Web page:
Home #Hwoodtimes Network Executives-Turned Producers: A Growing Trend in the Era of Peak TV

Network Executives-Turned Producers: A Growing Trend in the Era of Peak TV

By Marc Berman/Programming Insider

Network Executives-Turned Producers: A Growing Trend
in the Era of Peak TV
Let’s face it…if you choose the right shows, broadcast television can still give you “the biggest bang for your buck.” It is not going away anytime soon. And the rapid rise of the digital streaming services, no doubt, has shifted the critical acclaim and social media buzz to its direction. But, in this current era of “Peak TV,” where an estimated 530 original scripted series are expected to compete this year across all platforms, finding an audience and/or resonating on social is no easy feat. You need that extra “something” to succeed.

Enter the growing practice of network executives transforming into TV show producers.

In the world of television, linear and digital, the natural progression for a television programming executive to morph into an independent producer is nothing new. One of the first was Leonard Goldberg, who went from ABC network president in the mid-to-late 1960s to a partnership with Aaron Spelling that resulted in some of the biggest hits on the alphabet net at the time.
Cameron Diaz, Drew Barrymore, director McG, Lucy Liu, and executive producer Leonard Goldberg

Fred Silverman, who at some point in the 1970s ran the programming departments at ABC, CBS and NBC, and eventually went out on his own to form The Fred Silverman Company. Then there was NBC’s Brandon Tartikoff, who will be remembered at the National Television Program Executives (NATPE) conference in Miami this week via the annual Brandon Tartikoff Legacy Awards.

More recent examples include names in the caliber of Warren Littlefield, Lloyd Braun, Ben Silverman, Jamie Tarses, Paul Lee, Gail Berman and Robert Greenblatt.

Byron Allen, Rita Moreno, Lilly Tartikoff Karatz, Mara Brock Akil, Henry Winkler and Robert Greenblatt at the Brandon Tartikoff Awards in 2019.

“No one knows the audience better than  programming executives,” said Thomas Vitale, executive producer of sci-fi drama “Pandora” on The CW and “Slasher” on Netflix, and the former EVP of cable networks Syfy and Chiller. “At our network jobs, we had to understand everything about the audience, often tracking the performance of shows on a minute-by-minute basis. We would monitor viewer feedback as well as track the competition daily. And we know the history of television, in addition to knowing what’s happening now across multiple platforms and delivery systems, and what’s being discussed for the future across the industry.”

Vitale currently runs Vital Signs Entertainment, which in addition to producing television series, also makes movies, including last year’s horror-comedy “You Might Be the Killer,” which played in over 15 film festivals around the world, and which Vitale co-wrote and produced. “My network experience has been invaluable in honing my creative instincts, helping me create and shape diverse, quality programming for worldwide audiences, while working collaboratively with network, platform, and studio partners.”

Thomas Vitale (L) and Mark A. Altman attend the 45th Annual Saturn Awards at Avalon Theater

Ken Schwab, who has held top programming jobs at Turner Entertainment Group and Discovery Channel, now runs his own firm, Ken Schwab Media, which focuses on production, and network and sales consulting.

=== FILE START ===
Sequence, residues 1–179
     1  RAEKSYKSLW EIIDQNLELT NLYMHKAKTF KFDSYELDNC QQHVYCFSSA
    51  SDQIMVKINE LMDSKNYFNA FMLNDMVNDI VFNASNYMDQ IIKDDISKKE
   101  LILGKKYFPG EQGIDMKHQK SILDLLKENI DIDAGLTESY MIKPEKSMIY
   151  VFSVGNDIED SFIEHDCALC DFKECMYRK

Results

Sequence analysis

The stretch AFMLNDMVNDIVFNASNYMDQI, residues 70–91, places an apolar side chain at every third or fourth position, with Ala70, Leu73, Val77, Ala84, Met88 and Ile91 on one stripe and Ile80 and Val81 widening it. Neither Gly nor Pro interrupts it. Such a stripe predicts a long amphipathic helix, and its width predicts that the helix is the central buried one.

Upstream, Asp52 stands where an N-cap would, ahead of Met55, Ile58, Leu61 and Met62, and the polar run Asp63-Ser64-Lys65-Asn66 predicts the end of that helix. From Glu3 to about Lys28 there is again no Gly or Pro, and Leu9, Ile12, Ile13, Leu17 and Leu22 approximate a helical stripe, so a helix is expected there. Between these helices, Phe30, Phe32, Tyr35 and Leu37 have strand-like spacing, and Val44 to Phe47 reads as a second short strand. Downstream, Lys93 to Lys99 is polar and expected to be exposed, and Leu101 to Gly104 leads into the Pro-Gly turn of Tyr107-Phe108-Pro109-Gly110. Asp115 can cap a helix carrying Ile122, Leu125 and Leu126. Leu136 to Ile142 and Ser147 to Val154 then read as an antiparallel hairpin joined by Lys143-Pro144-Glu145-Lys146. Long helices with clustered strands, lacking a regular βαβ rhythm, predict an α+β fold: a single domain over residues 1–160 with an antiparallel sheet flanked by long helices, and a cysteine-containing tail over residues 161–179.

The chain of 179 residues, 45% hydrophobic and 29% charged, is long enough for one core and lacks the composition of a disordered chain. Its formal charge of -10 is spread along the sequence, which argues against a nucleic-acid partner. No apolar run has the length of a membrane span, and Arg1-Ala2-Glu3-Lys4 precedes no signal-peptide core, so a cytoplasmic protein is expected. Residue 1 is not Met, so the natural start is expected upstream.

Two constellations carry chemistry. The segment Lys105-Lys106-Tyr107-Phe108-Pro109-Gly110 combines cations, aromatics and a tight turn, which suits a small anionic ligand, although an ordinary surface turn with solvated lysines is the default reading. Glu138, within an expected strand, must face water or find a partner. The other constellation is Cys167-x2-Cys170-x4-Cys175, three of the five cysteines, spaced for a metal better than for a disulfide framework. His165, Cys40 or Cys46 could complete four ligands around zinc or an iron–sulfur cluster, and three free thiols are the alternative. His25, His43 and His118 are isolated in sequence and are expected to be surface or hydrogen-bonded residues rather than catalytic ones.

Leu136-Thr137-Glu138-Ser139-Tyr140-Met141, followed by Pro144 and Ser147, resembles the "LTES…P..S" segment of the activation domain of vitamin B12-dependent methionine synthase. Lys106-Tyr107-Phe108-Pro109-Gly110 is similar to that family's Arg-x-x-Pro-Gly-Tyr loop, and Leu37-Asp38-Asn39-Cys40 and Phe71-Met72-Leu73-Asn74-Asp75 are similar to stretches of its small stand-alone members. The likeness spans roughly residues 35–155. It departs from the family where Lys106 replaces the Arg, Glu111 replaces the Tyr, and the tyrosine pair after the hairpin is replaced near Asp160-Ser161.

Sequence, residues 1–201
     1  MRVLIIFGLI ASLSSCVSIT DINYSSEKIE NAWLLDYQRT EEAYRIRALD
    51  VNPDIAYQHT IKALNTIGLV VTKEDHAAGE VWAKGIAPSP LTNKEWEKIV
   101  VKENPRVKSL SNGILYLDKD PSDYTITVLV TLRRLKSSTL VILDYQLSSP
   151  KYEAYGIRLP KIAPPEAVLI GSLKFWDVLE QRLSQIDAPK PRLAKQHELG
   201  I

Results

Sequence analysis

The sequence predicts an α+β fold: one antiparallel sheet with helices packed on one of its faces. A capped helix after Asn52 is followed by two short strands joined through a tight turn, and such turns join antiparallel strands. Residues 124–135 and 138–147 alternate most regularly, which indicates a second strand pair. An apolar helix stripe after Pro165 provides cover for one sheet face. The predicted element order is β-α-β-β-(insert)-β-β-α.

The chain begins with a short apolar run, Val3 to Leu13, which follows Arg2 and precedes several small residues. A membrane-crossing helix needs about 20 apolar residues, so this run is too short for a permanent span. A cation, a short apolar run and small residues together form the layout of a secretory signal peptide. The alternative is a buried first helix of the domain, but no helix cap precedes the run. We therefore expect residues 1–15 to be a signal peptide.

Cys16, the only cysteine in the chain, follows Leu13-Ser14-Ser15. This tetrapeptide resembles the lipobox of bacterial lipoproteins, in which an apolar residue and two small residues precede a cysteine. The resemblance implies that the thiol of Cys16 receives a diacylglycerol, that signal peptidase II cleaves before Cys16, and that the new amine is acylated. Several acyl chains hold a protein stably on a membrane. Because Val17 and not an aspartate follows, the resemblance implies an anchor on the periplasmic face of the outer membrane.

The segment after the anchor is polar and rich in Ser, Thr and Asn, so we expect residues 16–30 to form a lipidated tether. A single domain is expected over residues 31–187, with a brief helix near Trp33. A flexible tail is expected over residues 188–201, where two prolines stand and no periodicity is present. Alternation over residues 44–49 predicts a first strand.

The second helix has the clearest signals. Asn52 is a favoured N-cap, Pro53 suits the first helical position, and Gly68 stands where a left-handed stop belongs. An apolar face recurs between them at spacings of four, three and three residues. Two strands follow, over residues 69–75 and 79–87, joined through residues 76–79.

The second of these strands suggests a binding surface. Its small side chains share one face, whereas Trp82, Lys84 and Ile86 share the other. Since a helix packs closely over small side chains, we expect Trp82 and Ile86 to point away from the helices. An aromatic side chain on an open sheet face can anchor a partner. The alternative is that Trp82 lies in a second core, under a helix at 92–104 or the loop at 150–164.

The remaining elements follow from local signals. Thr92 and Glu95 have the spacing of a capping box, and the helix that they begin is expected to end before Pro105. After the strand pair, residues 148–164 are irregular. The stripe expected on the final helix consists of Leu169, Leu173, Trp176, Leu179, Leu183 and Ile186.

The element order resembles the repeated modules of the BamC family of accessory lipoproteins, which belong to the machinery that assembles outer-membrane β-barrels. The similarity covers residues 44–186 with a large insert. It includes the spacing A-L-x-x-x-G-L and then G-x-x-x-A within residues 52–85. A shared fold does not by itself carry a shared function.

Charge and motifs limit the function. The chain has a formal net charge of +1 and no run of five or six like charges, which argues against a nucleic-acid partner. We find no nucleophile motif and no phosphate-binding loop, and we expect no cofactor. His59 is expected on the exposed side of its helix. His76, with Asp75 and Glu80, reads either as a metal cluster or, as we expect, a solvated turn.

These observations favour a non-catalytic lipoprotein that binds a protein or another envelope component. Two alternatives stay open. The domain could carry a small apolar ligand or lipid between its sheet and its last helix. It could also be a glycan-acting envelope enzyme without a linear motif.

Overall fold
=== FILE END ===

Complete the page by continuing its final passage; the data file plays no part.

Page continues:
“Given my experience programming for different platforms, I can view concepts through the lens of who might be interested and why they might be interested, the type of budgets that might be expected, and either the compatibility with a network’s existing schedule or why this may be a smart new programming concept and/or direction that a particular network should consider.”

Schwab was an executive producer on the “Double Take” series for Facebook Watch and worked as producer on a number of specials for Animal Planet and Travel Channel. At present, he works with dick clark productions international consulting on opportunities in the United States.

“It is all about being flexible and to evolve with the changing media landscape,” noted Schwab. “And the former network experience offers an added level of expertise.”

Terry Crews and producer Ken Schwab the “World’s Funniest Animal Commercials” shoot

 

Game show producer Bob Boden, presently, EVP, Production & Development/ExecutiveProducer, “Funny You Should Ask” for Entertainment Studios, has worked for a variety of firms as a programming executive through the course of his career including CBS, ABC, The Family Channel, FX Networks, dick clark productions, Game Show Network and Fox Realty Channel. The first show he was supervising producer for was “Family Feud,” hosted by comedian Louie Anderson at the time. And the first game show he created was “Greed” with dick clark productions in 1999.

“Being an executive has made me a better showrunner, and being a showrunner made me a better executive,” said Boden. “I was always a very producer friendly executive because I understood the challenges that producers face. As a producer, I have a great understanding of the mandates and the pressures that a network executive deals with. So, I can deal with them better than many producers that don’t have that experience.”

“When all is said and done, there is more original  programming now than ever before,” he added. “And if you can marry the two — an executive programming background and the actual production of the series — you will be better equipped in this era of “Peak TV.”

Producer Bob Boden on the set of “Funny You Should Ask”